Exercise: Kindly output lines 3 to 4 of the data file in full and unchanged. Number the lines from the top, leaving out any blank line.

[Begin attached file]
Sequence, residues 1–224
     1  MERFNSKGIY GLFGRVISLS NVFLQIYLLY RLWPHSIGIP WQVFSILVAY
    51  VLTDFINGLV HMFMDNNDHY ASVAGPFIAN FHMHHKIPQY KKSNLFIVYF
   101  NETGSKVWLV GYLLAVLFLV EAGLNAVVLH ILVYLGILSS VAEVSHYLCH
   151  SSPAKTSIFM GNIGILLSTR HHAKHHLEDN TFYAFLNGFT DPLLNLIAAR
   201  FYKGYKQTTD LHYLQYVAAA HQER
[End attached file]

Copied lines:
    51  VLTDFINGLV HMFMDNNDHY ASVAGPFIAN FHMHHKIPQY KKSNLFIVYF
   101  NETGSKVWLV GYLLAVLFLV EAGLNAVVLH ILVYLGILSS VAEVSHYLCH